Own agent systems | Fire station

Clean agent systems are waterless systems that protect assets that are in specific occupancies, such as data/storage centers, document storage, imaging suites, and telecommunications centers. The systems use an inert gas to extinguish a fire that would be extinguished by a standard sprinkler and reduce smoke and water damage. Clean agent systems are regulated by NFPA 2001: Standard for Clean Agent Fire Extinguishing Systems and are defined as an “electrically non-conductive, volatile, or gaseous extinguisher that leaves no residue on evaporation”.

There are different eigenagents. FM-200 and FE-25 have zero ozone depletion potential, but have high global warming and atmospheric lifetimes. Halon is a legacy agent that is no longer installed due to its ozone depleting qualities. Novec 1230 has a very low global warming potential and a short atmospheric lifetime. Inergen and Argonnite have no ozone depletion potential, global warming, or atmospheric lifetime.

Each clean agent has advantages and disadvantages that are based on the hazard protected, environmental impact, cleanup required after a discharge, and human contact.

Clean agents suppress fires in three ways:

  • Inert agents deplete oxygen
  • FM-200/FE-25 absorbs heat and disrupts the combustion reaction
  • Novec 1230 absorbs heat

how they work

Clean agent systems are, essentially, a fire extinguisher that self-discharges. The source of the system is a high pressure storage cylinder (Figure 1) connected to nozzles (Figure 2) which discharge the agent. Piping is installed symmetrically to achieve equal head pressure and balanced dispersion. Smoke detectors (Figure 3) are provided to recognize a fire and initiate a discharge. A horn/strobe unit (Figure 4) is placed inside the room above the door to alert occupants of system activation, and a strobe is provided outside the room above door to indicate that a discharge has occurred. A manual interrupt/shutdown station (Figure 5) is located inside the room adjacent to the door and a keyed maintenance switch is provided outside the room to disable the system. All of these are wired to a control panel (Figure 6) usually located outside the space adjacent to the door. Signs identify various accessories and explain audio/visual device warnings.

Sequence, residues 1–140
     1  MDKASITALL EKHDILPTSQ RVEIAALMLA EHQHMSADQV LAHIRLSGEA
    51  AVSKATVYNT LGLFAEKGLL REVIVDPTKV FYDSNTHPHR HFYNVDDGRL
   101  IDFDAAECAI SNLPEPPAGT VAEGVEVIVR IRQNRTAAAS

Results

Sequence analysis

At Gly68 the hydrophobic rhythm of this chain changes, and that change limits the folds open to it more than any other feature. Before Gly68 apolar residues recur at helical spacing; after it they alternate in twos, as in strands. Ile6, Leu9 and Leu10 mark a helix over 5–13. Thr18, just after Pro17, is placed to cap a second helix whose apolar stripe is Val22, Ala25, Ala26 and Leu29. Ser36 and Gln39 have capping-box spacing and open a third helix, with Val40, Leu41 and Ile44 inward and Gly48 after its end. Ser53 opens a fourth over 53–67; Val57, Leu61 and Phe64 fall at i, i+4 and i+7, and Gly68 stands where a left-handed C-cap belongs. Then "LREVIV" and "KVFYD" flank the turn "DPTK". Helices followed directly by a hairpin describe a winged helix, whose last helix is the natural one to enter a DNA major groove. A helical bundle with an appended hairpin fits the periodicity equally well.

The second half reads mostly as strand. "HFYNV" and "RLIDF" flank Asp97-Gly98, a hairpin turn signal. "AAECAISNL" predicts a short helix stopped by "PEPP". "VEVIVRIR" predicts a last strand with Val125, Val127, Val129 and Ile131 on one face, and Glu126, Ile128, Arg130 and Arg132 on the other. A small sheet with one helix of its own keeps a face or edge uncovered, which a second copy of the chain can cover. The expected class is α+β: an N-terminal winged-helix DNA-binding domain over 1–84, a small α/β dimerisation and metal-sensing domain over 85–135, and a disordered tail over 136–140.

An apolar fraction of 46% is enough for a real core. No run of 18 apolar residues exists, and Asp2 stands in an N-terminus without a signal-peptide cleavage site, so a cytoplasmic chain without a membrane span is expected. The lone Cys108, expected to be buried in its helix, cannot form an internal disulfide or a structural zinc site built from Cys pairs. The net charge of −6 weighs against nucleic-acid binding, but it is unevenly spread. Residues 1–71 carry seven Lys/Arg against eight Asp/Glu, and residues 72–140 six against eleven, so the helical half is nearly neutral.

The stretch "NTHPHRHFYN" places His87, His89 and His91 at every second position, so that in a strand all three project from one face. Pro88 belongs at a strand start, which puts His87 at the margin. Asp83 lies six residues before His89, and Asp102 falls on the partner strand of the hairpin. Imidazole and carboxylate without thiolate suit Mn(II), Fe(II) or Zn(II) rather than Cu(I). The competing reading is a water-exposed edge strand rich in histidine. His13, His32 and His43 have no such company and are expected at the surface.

When a fire breaks out, the activation of the smoke detector is indicated on the control panel, the horn/strobe in the room is activated and the building’s fire alarm system is alerted. A second activation of the smoke detector is displayed on the control panel. HVAC equipment shuts down or dampers close to isolate the space, the horn/strobe unit pulses faster, and a time-out sequence begins to allow occupants to exit.

When the timer sequence is complete, the agent is unloaded and the strobe light outside the room activates. The abort switch can be used to stop agent discharge during the delay sequence. The manual release starts the sequence as if the second detector had been initiated and overrides the abort switch or will activate an immediate agent release. The key maintenance switch can be used to prevent the system from discharging, but the detection system will remain active.

The fire code does not allow a clean agent system to be the only defense against a fire because it is a finite source. The cylinder discharges the agent until it is empty. If the fire is not brought under control, the fire will continue to grow, so an automatic sprinkler system is needed as backup. There are exceptions to this rule, but they require the approval of the local fire code official. Preaction systems are usually supplied, as they are also well suited for critical spaces.

Pre-planning tactics

Firefighters should conduct pre-incident planning for spaces protected by these systems and develop a set of tactics. It is important to know what is protected before responding to an incident, as the tactics for an event in a server room will be different from those for an event in a rare book library.